First Friday Book Synopsis

"…like CliffNotes on steroids…"

Mark Thompson and Brian Tracy’s Now…Build a Great Business! A book review by Bob Morris

Now…Build a Great Business! 7 Ways to Maximize Your Profits in Any Market
Mark Thompson and Brian Tracy
AMACOM 2010)

Mark Thompson and Brian Tracy focus almost entirely on the most important “what” and the most effective “how” with regard to “building” both a great business and a great career in business, doing so one step at a time. There are no head-snapping revelations among the seven “ways” to which the book’s subtitle refers, nor do Thompson and Tracy make any such claim. It is important to remember Thomas Edison’s observation, “Vision without execution is hallucination.” A separate chapter is devoted to each of the seven, explaining HOW to

• Become a great leader
• Develop a great business plan
• Surround yourself with great people
• Offer a great product or service
• Design a great marketing plan
• Perfect a great sales force
• Create a great customer experience

With all due respect to becoming “great” and achieving “greatness,” there is much to be said for the value of information, insights, and advice that will help business leaders and their companies to become better. In fact, as the Japanese word kaizen correctly suggests, improvement is a process, not a destination, and should be continuous.

Granted, all of the exemplars cited are huge global corporations but the lessons to be learned from them are relevant to any organization, whatever its size and nature may be. For example, Cuadra Boots in central Mexico that Thompson and Tracy include among exemplars because of “four essential lessons in product quality and innovation” that the Cuadra brothers and others have had to learn before mega-success [a relative term, to be sure] was possible.” They are:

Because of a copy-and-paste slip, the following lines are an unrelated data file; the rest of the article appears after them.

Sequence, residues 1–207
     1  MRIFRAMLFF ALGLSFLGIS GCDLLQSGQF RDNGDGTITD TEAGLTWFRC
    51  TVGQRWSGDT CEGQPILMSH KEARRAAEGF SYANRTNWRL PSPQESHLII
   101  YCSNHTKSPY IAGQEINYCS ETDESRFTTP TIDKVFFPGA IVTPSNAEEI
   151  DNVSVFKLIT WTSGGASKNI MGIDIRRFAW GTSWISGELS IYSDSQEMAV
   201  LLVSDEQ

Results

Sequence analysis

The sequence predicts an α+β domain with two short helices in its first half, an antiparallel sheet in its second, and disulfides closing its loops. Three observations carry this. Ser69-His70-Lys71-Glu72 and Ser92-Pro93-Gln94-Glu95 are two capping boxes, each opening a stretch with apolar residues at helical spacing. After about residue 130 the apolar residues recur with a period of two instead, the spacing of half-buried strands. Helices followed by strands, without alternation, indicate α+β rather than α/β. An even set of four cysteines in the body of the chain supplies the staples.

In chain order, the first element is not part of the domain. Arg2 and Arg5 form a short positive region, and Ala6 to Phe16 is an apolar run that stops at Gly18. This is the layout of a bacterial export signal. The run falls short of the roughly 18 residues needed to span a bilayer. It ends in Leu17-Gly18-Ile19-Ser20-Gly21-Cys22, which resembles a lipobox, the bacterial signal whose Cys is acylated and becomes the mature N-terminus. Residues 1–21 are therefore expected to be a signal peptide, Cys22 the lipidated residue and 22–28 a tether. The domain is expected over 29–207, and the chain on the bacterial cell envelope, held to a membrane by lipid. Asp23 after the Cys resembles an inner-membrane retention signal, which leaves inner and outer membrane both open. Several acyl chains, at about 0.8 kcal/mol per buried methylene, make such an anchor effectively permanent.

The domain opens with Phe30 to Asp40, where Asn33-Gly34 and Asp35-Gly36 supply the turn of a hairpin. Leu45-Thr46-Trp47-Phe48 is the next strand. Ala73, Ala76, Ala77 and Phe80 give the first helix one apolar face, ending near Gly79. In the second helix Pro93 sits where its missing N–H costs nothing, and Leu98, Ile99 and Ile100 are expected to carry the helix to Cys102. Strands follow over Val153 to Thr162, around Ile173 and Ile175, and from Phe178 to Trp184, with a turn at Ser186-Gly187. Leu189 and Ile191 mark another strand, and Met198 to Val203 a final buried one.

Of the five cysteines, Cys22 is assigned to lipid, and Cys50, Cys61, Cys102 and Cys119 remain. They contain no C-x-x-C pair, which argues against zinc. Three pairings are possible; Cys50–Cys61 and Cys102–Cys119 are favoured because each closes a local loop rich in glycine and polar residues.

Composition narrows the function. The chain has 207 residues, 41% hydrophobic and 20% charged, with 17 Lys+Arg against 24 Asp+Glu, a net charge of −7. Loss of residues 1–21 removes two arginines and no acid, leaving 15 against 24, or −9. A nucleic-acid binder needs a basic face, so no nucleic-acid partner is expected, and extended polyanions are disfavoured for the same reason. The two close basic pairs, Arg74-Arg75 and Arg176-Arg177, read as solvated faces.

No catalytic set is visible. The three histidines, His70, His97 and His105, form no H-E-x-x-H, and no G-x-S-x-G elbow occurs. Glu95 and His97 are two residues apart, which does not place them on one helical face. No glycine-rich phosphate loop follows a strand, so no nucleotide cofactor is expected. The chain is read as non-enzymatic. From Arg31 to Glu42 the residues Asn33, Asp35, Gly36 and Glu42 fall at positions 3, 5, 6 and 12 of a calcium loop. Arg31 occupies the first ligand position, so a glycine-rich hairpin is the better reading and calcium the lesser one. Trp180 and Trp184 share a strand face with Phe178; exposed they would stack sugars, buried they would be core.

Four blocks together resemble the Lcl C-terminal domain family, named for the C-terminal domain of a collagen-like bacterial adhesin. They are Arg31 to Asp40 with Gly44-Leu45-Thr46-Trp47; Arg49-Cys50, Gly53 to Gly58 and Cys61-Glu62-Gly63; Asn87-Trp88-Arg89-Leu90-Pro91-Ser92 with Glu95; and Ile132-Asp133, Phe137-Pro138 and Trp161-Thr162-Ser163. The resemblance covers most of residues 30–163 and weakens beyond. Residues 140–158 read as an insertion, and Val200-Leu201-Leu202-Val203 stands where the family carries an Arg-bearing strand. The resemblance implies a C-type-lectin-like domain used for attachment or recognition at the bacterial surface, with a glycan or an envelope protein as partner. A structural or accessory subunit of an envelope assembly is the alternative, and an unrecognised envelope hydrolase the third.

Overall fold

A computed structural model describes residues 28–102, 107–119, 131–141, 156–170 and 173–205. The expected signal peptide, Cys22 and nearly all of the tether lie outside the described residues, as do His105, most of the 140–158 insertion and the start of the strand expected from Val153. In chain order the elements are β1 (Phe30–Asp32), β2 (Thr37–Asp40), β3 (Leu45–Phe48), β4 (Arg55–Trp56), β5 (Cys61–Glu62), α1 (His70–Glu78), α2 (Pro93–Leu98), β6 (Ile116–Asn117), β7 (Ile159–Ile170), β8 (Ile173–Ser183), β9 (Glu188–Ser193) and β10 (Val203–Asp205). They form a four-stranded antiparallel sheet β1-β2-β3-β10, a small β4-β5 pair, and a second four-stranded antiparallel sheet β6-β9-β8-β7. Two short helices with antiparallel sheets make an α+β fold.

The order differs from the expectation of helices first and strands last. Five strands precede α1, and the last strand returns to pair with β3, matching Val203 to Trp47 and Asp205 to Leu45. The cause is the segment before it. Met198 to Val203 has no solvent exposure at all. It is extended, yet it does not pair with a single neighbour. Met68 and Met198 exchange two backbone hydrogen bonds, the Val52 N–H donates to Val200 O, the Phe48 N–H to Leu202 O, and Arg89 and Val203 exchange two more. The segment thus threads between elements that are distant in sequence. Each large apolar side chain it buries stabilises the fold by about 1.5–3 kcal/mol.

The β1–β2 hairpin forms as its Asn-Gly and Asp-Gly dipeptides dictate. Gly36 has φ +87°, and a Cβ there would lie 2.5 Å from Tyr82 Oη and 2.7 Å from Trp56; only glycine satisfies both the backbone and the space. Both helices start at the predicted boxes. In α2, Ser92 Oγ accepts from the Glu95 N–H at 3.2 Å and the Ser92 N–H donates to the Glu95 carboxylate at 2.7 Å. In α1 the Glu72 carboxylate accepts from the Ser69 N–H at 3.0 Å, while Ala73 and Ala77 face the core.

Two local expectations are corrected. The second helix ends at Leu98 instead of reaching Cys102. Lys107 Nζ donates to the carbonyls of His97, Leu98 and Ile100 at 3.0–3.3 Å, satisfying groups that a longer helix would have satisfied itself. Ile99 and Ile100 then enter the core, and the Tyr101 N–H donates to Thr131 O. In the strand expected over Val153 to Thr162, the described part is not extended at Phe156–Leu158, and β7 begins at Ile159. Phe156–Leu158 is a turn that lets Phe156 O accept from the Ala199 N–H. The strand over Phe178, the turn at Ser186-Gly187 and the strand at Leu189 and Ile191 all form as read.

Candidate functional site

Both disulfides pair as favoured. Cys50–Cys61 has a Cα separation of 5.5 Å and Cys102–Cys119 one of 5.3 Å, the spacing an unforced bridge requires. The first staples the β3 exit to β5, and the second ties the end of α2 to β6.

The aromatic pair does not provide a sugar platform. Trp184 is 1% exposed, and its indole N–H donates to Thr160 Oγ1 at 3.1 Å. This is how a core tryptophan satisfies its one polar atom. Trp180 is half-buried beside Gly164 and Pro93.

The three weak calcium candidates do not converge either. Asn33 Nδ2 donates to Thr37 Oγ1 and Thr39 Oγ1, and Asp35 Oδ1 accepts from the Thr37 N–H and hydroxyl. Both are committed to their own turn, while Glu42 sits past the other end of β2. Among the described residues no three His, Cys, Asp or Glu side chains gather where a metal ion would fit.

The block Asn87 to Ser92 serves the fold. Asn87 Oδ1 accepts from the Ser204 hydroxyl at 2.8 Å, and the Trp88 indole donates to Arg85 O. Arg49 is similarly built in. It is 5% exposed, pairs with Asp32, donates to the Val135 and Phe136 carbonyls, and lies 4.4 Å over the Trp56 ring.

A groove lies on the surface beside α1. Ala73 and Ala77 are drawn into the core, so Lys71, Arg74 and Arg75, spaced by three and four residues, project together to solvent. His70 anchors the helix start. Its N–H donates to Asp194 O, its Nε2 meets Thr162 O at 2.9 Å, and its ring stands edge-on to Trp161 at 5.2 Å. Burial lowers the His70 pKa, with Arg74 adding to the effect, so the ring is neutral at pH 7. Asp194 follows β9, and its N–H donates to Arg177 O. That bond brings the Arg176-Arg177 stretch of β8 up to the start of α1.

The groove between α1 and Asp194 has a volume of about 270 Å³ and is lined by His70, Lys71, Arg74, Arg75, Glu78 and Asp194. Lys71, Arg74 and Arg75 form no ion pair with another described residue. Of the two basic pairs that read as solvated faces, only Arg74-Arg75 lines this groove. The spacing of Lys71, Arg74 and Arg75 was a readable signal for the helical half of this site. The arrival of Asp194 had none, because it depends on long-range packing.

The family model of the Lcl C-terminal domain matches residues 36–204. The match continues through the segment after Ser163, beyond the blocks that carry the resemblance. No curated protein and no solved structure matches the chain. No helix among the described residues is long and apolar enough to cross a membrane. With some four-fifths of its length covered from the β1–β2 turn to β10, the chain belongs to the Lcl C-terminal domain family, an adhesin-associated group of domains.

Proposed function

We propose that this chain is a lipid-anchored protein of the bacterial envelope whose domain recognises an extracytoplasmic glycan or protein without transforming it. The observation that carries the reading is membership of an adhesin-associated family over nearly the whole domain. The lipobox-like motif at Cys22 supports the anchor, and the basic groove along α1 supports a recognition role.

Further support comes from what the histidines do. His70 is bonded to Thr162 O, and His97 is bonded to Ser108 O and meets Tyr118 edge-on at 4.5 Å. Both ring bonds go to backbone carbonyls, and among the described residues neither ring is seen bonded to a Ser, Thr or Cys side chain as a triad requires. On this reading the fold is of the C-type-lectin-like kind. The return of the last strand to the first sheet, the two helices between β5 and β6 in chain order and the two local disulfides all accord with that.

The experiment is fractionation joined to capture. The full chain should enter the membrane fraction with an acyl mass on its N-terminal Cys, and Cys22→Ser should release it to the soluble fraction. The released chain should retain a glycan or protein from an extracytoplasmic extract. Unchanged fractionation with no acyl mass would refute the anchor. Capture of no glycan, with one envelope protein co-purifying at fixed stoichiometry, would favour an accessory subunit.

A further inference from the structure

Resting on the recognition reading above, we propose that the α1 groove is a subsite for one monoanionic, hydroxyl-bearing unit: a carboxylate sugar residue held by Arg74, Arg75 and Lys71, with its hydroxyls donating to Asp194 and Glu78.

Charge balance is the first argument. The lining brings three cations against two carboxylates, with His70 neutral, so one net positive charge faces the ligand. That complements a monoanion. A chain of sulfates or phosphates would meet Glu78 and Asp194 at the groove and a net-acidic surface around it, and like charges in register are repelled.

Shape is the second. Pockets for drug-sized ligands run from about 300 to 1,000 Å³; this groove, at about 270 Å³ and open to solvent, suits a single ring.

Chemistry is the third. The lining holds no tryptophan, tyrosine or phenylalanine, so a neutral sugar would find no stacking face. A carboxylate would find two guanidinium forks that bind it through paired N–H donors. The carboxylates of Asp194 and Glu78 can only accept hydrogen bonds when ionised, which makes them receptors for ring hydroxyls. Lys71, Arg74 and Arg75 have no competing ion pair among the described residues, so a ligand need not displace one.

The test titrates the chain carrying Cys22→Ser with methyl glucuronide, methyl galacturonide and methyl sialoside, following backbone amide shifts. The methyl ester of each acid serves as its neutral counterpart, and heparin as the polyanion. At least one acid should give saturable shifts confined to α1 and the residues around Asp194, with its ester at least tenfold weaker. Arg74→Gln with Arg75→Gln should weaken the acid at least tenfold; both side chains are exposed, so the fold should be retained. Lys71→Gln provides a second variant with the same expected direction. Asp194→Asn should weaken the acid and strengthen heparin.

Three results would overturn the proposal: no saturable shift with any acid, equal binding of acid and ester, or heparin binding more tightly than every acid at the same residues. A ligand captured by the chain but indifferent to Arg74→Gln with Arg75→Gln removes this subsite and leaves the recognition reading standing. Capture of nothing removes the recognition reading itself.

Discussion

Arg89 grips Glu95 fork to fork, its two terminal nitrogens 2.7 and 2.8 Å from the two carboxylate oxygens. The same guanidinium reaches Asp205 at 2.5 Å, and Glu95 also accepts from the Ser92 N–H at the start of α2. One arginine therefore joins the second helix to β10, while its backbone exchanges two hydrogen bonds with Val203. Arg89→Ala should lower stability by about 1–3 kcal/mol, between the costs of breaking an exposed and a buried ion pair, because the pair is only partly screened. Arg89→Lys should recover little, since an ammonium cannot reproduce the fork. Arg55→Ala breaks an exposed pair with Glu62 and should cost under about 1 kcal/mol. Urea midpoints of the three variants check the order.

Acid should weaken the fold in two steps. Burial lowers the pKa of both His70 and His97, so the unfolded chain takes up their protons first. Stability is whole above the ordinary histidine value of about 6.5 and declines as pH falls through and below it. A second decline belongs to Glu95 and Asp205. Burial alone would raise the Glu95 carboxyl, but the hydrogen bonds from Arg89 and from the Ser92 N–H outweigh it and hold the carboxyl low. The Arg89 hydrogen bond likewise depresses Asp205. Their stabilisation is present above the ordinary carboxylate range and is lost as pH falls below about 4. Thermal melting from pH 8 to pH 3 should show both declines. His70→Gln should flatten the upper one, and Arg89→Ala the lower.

1. Don’t follow the leader.
2. Create exclusivity.
3. Keep in continuous customer contact.
4. Testing takes you from good to great (or at least to better)

Thompson and Tracy make excellent use of questions throughout their narrative, offering a “checklist” at the conclusion of most chapters that challenges their reader to think about what must be done and how to get it done. They also include excellent questions posed by others, such as Peter Drucker (Pages 49-5) and Fred Reichheld (Pages 108-110) that also focus on what is most important as opposed to what is merely urgent. All effective leaders ask the right questions and they tend to remain the same. Here are five from Drucker: What is your mission? Who is your customer? What does your customer value? What results are you trying to accomplish? What is your plan?

It is easy to ask such questions but sometimes very difficult to know what the right questions to ask are. Drucker would be the first to point that seeking an answer to the wrong question is at least as foolish as “doing with great efficiency what should not be done at all.” Thompson and Tracy help the business leaders who read this book to ask the right questions and then, better yet, they help them to obtain the right answers and understand how to respond effectively to them.

Wednesday, December 15, 2010 - Posted by | Bob's blog entries | , , , , , , , , ,

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